She applied the Page 69 Test to her debut novel, The Toss of a Lemon, and reported the following:
I was surprised and gratified to see that p. 69 of my novel deals with a key event, so surprised that I checked pp. 59, 79, 89 and 99 to see whether they do, too. Page 89 is about a tangential character, but all the others deal with essential matters, reassuring me that--perhaps--I really did need over six hundred pages to tell this story. Back to 69: it describes how people are behaving after the death of my main character's husband. His cousin irritates the widow, Sivakami, with his theatricality, though he's quite sincere; the servant, Muchami, who identifies with Sivakami, has had his head shaved to match her in one of the many restrictions and humiliations she faces as a Brahmin widow in the early 20th century. Most difficult to write was the reaction of the two-year-old son, who has suffered the departure of a father who never fully loved him, and now must also endure the withdrawal of his mother, owing to those traditional strictures:Read an excerpt from The Toss of a Lemon, and learn more about the book and author at Padma Viswanathan's website.
Vairum is now insatiable in his need for attention. At night, Sivakami holds him... During the day, though, from sunrise to sunset, he is not supposed to touch her. These are the new rules. When Vairum comes to her for the comfort of her lap, she must back away from him, offering explanations he doesn't accept. Finally, he gets angry and slaps out at her knee or her hand, and once, her head. This is not mere violence, it is sabotage: she must bathe again and wash her sari. From time to time, she gives in and permits him the lap, since she will have to bathe anyhow. This sometimes happens twice in a day, so that her saris haven't time to dry. Vairum gets damp, sitting in her lap and holding onto her; they both catch cold.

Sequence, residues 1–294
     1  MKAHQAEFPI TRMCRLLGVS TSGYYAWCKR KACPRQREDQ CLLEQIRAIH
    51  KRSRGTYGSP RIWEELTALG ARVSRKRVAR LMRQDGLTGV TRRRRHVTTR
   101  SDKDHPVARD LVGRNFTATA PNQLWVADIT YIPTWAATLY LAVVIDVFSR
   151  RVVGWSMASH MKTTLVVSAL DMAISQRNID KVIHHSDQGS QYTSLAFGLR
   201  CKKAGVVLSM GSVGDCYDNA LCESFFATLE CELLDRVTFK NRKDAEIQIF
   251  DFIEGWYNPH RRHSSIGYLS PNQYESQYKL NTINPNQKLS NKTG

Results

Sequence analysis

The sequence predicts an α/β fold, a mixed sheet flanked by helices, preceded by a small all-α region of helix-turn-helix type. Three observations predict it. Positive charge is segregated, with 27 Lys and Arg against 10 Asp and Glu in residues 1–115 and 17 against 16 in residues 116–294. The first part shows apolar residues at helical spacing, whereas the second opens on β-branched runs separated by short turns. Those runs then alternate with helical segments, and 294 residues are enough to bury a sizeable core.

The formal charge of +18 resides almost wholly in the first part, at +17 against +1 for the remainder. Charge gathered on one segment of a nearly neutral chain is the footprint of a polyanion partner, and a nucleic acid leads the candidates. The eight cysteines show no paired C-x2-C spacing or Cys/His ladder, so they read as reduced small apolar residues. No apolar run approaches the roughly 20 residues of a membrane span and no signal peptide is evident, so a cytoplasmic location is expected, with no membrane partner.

The defining vectors of the book are at work on this page: Sivakami is slightly aloof and isolated from her Brahmin neighbors. She is more at ease with Muchami, who is smarter and more loyal than most of her caste-mates. And though Sivakami loves her little boy fiercely, she is unable or unwilling to break with orthodoxy to protect their relationship: p. 69 shows glimmers of a future conflict of magnificent proportions.
I'm not sure much of this would come through to the scanner of random pages, though, nor whether it needs to. When I apply this test to a book, I'm mainly interested in the prose style: is it fun? It's tougher for me to judge my own work this way, since I write to amuse myself, but I think the narrator's way of talking (I should mention that although the book reads as though it's in third-person, there is in fact a character telling the story), her tongue-in-cheekness, and her sympathy for the characters are evident on this page.
Visit the complete list of books in the Page 69 Test Series.